Monday, November 07, 2005

Spotlighting: Levi's Will by W. Dale Cramer

"We thought you were dead."

It wasn't exactly the welcome Will expected when he returned home eight years after running away. Didn't the prodigal son get a fatted calf? Wasn't there supposed to be a party thrown in his honor?

Instead, his father turns his back on him, walks away, and says, "Don't bring that in my house."

Will's life has fallen apart. Eight years of lies have finally caught up with him, and threaten to destroy everything he has worked for. Now he must face the mistakes of the past and seek forgiveness.


Set amongst the Old Order Amish, LEVI'S WILL is a superbly told story of generational sin, and the forgiveness and love one can only find through God. In a recent interview with Focus on Fiction, W. Dale Cramer reveals that this was a fictionalized story of his father's life.

Cramer opens the book in 1985, before taking us back in time to 1943 when Will makes his break from the Old Order Amish community, leaving behind a rigid father and pregnant girl.

Throughout the story, we are transported between present and past; following Will as he makes his way in life, struggling to overcome the judgmentally under which he grew up. Will leans on the one thing he understands, hard work, but fails to notice that he's making similar mistakes to those of his father. It soon becomes apparent that the sins of one generation carry over to the next.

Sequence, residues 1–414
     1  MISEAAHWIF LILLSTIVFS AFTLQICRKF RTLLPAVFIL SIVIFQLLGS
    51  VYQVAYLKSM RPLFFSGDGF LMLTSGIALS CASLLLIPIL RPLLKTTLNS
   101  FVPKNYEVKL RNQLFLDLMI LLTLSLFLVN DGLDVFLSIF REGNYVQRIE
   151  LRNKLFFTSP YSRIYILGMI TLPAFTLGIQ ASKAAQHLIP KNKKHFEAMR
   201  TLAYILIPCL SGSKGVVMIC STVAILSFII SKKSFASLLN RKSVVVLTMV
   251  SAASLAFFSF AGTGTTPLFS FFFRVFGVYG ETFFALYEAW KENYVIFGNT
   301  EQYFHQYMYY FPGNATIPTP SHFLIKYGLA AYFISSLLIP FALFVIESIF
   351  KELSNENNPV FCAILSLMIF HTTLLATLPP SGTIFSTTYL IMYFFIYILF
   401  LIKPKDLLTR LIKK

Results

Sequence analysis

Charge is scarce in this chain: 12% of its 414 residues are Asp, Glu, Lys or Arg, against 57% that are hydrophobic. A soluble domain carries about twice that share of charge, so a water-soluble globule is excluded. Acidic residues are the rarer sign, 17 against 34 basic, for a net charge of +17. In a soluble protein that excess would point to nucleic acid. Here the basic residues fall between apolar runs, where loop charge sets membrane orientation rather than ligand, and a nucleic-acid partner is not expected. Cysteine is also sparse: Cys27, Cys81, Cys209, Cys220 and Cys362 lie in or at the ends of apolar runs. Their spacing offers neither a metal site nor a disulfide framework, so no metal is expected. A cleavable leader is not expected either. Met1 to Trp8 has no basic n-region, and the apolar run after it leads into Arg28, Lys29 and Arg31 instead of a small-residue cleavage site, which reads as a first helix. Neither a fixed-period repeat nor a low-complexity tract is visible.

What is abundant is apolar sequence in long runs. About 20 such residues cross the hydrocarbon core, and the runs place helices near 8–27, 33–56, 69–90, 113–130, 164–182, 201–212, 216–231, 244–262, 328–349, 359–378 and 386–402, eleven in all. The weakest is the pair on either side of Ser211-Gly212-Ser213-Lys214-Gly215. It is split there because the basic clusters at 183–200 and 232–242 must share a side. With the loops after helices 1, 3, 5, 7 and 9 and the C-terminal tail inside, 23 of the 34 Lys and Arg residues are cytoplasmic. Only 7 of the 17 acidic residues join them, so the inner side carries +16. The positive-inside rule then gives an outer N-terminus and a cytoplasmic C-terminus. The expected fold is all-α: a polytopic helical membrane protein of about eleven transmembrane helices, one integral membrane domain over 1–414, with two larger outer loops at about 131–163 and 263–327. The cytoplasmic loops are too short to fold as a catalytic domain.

Cramer drew me into Will's story, capturing my attention from start to finish. It's not often you find a book that has you genuinely caring for the characters, silently screaming at the unjustness of actions, and praying that God's love will soften hearts. LEVI'S WILL is one of those rare treasures.

Grab yourself a copy, settle into a comfy chair, and be transported into another world that will touch your heart and stay with you long after you turn the last page.


Forgiveness is one of the hardest things we are called to do. The deeper the hurt, the harder it is to forgive.

But without forgiveness, we become tangled in rebellion and hatred. Resentment will alienate us from those around us. For me, it also brings bitterness.

Forgiveness doesn’t come naturally, and it isn’t always easy. But it is necessary.

LEVI’S WILL is a timeless lesson in one man’s search for forgiveness. A lesson we can all gain a measure of wisdom from.

To see more reviews, visit

Christian Fiction Reviewer

Focus on Fiction

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